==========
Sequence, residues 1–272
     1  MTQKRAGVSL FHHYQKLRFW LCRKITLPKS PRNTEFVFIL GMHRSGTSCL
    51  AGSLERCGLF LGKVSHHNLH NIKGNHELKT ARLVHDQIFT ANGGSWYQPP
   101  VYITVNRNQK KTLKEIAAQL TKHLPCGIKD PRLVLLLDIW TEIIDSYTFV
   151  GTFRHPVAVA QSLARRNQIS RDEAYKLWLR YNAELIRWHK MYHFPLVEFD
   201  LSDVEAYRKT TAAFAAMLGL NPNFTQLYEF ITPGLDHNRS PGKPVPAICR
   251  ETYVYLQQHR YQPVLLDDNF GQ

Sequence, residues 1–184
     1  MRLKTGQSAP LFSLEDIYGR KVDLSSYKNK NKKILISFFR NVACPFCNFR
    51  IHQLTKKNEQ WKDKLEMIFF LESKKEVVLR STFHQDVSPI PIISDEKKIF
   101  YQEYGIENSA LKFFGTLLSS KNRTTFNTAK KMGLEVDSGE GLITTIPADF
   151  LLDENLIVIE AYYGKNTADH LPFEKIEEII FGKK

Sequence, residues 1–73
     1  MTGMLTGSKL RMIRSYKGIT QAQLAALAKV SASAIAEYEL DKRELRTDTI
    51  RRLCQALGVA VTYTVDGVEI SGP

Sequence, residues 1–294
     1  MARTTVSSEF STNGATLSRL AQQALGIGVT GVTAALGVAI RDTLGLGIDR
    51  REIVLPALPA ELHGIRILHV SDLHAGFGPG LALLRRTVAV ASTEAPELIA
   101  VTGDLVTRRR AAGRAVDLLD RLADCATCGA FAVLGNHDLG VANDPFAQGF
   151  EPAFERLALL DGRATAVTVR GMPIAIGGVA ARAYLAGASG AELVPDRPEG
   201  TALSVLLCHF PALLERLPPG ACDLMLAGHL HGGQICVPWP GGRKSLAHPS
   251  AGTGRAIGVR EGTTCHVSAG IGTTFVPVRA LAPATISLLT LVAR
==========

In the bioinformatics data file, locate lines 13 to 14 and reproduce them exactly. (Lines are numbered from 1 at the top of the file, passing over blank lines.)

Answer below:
Sequence, residues 1–73
     1  MTGMLTGSKL RMIRSYKGIT QAQLAALAKV SASAIAEYEL DKRELRTDTI